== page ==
Mumbai: After receiving over $22 billion FII inflows in 2020, India still holds its attraction for foreign investors as the rupee plays a supporting role.
The global liquidity conditions, zest for a return and fast recovery might have been the initial triggers for FIIs’ interest, while the real sustenance for such a trend has also been credited to a stable and relatively weak rupee in the Covid-19 period.
As such, the rupee has been a laggard in 2020, depreciating by 3.10 per cent.
Market watchers have blamed India’s interest rates, high inflation and Reserve Bank’s market interventions to have weakened the rupee despite a massive inflow of direct and market-linked foreign investments during the pandemic-impacted year.
Notably, the RBI’s role in keeping the currency’s appreciation in check has been pointed out by the experts. Recently, the Reserve Bank was called out by the US Treasury Department to curtail its market activities.
The Reserve Bank is known to enter the markets via intermediaries to either sell or buy US dollars to keep the rupee in a stable orbit. Consequently, RBI’s alleged actions not only made India’s exports attractive, but also its equities.
“Intervention by the RBI has helped rupee remain firm, staving off pressure of appreciation due to the continuing inflows from FPI and FDI,” said Deepak Jasani, Head of Retail Research at HDFC Securities.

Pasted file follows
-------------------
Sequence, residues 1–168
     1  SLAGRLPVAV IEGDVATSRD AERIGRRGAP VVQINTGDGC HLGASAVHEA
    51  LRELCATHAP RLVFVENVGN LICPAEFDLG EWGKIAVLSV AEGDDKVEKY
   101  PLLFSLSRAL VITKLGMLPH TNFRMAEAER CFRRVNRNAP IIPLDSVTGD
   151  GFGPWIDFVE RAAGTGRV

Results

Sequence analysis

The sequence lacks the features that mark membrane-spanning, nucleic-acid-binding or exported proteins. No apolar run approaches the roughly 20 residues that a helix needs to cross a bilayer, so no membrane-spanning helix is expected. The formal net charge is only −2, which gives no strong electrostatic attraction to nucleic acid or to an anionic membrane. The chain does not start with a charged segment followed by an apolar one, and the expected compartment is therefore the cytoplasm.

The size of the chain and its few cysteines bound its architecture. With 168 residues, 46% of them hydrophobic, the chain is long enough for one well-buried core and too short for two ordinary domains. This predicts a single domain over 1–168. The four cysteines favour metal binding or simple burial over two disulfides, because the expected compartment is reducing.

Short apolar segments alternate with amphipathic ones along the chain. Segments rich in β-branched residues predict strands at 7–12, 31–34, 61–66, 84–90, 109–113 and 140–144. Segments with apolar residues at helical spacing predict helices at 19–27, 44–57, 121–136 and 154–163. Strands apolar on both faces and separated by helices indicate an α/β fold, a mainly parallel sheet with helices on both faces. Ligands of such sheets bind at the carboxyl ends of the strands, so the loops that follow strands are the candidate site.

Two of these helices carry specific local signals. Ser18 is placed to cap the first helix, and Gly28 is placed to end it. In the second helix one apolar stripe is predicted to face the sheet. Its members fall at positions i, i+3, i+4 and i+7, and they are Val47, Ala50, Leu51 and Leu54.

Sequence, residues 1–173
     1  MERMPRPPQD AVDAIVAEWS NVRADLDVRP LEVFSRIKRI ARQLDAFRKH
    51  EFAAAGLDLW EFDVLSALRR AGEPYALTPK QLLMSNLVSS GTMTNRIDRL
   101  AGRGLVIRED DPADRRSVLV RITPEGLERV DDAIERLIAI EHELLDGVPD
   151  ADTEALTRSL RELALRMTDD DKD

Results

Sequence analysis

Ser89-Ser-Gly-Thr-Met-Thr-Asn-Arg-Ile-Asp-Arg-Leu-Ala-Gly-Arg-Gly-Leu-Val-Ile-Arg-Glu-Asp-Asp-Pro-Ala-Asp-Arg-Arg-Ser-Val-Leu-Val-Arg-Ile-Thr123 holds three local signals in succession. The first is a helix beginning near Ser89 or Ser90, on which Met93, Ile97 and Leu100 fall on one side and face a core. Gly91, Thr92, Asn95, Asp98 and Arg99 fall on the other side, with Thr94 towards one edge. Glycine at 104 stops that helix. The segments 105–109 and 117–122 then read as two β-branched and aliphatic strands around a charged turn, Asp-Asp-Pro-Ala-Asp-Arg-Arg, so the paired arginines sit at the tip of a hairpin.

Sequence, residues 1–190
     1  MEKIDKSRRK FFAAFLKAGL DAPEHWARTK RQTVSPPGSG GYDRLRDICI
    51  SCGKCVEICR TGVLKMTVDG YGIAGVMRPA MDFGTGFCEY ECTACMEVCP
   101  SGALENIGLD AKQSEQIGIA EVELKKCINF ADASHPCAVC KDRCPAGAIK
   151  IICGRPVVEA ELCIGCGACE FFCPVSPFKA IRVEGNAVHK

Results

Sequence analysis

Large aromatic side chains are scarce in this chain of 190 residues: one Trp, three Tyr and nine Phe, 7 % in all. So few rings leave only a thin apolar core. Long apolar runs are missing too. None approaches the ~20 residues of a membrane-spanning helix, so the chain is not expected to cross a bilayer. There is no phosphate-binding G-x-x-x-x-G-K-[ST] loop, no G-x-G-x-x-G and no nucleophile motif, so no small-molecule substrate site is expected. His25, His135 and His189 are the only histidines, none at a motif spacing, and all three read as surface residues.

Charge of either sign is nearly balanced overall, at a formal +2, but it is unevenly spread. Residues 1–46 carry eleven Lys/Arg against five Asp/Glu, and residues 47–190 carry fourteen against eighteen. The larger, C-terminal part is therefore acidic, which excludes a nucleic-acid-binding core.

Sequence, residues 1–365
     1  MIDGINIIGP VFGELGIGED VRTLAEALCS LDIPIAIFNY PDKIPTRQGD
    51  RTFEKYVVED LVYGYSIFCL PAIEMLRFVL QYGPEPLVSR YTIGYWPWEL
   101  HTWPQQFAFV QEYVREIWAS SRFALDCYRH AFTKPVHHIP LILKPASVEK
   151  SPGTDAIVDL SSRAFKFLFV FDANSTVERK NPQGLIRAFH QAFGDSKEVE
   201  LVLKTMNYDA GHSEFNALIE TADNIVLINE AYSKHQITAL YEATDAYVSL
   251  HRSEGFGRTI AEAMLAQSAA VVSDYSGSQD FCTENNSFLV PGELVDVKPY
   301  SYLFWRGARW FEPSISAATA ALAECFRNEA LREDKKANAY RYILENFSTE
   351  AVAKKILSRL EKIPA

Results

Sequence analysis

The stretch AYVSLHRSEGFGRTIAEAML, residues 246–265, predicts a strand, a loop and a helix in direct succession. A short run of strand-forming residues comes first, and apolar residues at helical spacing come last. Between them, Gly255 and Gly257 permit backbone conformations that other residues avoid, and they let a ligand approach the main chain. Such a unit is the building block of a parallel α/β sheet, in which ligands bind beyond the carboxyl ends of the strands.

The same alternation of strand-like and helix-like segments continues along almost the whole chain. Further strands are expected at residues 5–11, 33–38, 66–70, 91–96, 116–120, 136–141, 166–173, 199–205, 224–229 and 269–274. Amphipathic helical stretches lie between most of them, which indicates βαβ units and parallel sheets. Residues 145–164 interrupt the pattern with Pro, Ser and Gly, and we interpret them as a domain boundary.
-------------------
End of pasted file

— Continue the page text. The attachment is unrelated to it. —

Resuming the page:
“A stable rupee gives consolation to FPIs to invest in any country. However, existing FPI investors would have benefited more if the rupee had appreciated as their dollar value of holdings would go up in that case. For new investments, the fact that the rupee has not appreciated is a positive,” Jasani added.
It is a well-established fact that FIIs’ money has powered the recent rally in India’s stock markets.
“A stable rupee does help to an extent in attracting FIIs and maintaining their interest. However, some appreciation would have made their investments more valuable during this time,” said Siddhartha Khemka, Head of Retail Research, Motilal Oswal Financial Services.
In fact, not just equities’ value, but India’s forex reserves also grew due to the RBI’s interventions. Subsequently, India’s forex reserves swelled up by $123.66 billion to $581.13 billion in the last calendar year.
“Stability of rupee certainly is an important factor in FII inflows,” said V.K. Vijayakumar, Chief Investment Strategist, Geojit Financial Services.
“This stability is the consequence of two factors declining the dollar, which, in turn, is the consequence of unprecedented huge dollar printing by the US Fed and secondly, RBI’ s exchange rate management by buying dollars from the market to keep the rupee stable. Certainly, the RBI has played an important role in keeping the rupee stable and FII inflows buoyant,” Vijayakumar added.
According to Gaurav Garg, Head of Research, CapitalVia Global Research: “Apart from factors like abundant liquidity and attractive valuations, the strength of Indian Rupee over the US Dollar has played a significant role in driving investments into Indian equities.
“There has been a shift in money towards emerging markets, especially India, given their interest rates are at the lower end and the inflation-adjusted return is much higher. The loosened Monetary policy and initiatives taken by the Indian government have added fuel to the fire and added further strength to the markets.”
(Rohit Vaid can be contacted at [email protected])